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Cholera in Cameroon, 2000-2012: Spatial and Temporal Analysis at the Operational (Health District) and Sub Climate Levels

  • Moise C. Ngwa ,

    ngwaadangfor@gmail.com

    Affiliations Emerging Pathogens Institute, University of Florida, Gainesville, Florida, United States of America, Department of Environmental and Global Health, College of Public Health and Health Professions, University of Florida, Gainesville, Florida, United States of America

    ORCID http://orcid.org/0000-0002-1359-6267

  • Song Liang,

    Affiliations Emerging Pathogens Institute, University of Florida, Gainesville, Florida, United States of America, Department of Environmental and Global Health, College of Public Health and Health Professions, University of Florida, Gainesville, Florida, United States of America

  • Ian T. Kracalik,

    Affiliations Emerging Pathogens Institute, University of Florida, Gainesville, Florida, United States of America, Spatial Epidemiology and Ecology Research Laboratory, Department of Geography, College of Liberal Arts and Sciences, University of Florida, Gainesville, Florida, United States of America

  • Lillian Morris,

    Affiliations Emerging Pathogens Institute, University of Florida, Gainesville, Florida, United States of America, Spatial Epidemiology and Ecology Research Laboratory, Department of Geography, College of Liberal Arts and Sciences, University of Florida, Gainesville, Florida, United States of America

  • Jason K. Blackburn,

    Affiliations Emerging Pathogens Institute, University of Florida, Gainesville, Florida, United States of America, Spatial Epidemiology and Ecology Research Laboratory, Department of Geography, College of Liberal Arts and Sciences, University of Florida, Gainesville, Florida, United States of America

  • Leonard M. Mbam,

    Affiliation World Health Organization country office for The Republic of Cameroon, Yaoundé, Republic of Cameroon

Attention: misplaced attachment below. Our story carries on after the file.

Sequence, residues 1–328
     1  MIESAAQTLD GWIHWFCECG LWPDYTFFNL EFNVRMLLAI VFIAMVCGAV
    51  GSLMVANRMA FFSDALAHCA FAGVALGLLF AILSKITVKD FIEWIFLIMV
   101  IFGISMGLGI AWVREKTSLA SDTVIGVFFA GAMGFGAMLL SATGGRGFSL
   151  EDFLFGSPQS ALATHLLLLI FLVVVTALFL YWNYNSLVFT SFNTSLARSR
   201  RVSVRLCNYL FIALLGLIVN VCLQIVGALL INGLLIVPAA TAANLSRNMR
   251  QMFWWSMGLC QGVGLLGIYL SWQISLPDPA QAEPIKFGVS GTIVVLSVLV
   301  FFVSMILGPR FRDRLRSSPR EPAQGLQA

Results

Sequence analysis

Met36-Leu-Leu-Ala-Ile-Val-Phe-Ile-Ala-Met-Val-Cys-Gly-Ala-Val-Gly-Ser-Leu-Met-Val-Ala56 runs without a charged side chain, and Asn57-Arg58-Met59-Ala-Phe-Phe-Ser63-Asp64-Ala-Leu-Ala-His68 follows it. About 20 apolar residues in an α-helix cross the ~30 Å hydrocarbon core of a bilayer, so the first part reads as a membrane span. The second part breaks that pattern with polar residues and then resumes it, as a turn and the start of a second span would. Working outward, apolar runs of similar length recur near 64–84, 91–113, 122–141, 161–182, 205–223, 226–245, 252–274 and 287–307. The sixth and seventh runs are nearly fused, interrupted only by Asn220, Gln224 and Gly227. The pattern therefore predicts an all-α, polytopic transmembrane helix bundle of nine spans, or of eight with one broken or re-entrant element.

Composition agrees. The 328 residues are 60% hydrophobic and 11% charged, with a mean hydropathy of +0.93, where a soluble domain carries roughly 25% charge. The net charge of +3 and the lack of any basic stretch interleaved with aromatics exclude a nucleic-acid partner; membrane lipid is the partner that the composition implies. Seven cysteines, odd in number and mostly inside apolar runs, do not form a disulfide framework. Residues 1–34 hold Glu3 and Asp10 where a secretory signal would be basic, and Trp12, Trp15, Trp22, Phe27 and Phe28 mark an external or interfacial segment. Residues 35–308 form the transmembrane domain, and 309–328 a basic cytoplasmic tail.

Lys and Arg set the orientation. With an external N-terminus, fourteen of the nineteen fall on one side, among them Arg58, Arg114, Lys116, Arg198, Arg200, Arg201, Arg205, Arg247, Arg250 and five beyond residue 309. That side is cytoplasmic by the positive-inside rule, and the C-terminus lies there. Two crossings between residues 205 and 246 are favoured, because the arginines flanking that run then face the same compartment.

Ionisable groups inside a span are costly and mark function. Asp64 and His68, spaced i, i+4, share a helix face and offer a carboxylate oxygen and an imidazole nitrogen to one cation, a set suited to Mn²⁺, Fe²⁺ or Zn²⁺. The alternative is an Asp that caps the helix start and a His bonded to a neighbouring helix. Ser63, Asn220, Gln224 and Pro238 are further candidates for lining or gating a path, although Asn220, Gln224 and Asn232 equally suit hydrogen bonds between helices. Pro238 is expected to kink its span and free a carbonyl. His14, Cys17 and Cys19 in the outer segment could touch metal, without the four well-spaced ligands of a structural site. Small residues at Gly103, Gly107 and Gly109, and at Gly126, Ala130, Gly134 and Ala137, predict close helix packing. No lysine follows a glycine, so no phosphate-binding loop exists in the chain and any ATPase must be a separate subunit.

• Simon Franky Baonga Ba Pouth,

    Affiliation Cellule de Supervision, Suivi et Evaluation, Délégation Régionale de la Santé Publique du Centre, Yaoundé, Cameroun

  • Andrew Teboh,

    Affiliation Field Epidemiology and Laboratory Training Program, University of Yaoundé, Yaoundé, Republic of Cameroon

  • Yang Yang,

    Affiliations Emerging Pathogens Institute, University of Florida, Gainesville, Florida, United States of America, Department of Biostatistics, College of Public Health and Health Professions, University of Florida, Gainesville, Florida, United States of America

  • Mouhaman Arabi,

    Affiliation Higher Institute of the Sahel, University of Maroua, Maroua, Republic of Cameroon

  • Jonathan D. Sugimoto,

    Affiliation Center for Inference and Dynamics of Infectious Diseases and Vaccine and Infectious Disease Division, Fred Hutchinson Cancer Research Center, Seattle Washington, United States of America

  • John Glenn Morris Jr.

    Affiliations Emerging Pathogens Institute, University of Florida, Gainesville, Florida, United States of America, Department of Medicine, College of Medicine, University of Florida, Gainesville, Florida, United States of America

Cholera in Cameroon, 2000-2012: Spatial and Temporal Analysis at the Operational (Health District) and Sub Climate Levels

  • Moise C. Ngwa, 
  • Song Liang, 
  • Ian T. Kracalik, 
  • Lillian Morris, 
  • Jason K. Blackburn, 
  • Leonard M. Mbam, 
  • Simon Franky Baonga Ba Pouth, 
  • Andrew Teboh, 
  • Yang Yang, 
  • Mouhaman Arabi
PLOS
x

Abstract

Introduction

Recurrent cholera outbreaks have been reported in Cameroon since 1971. However, case fatality ratios remain high, and we do not have an optimal understanding of the epidemiology of the disease, due in part to the diversity of Cameroon’s climate subzones and a lack of comprehensive data at the health district level.

Methods/Findings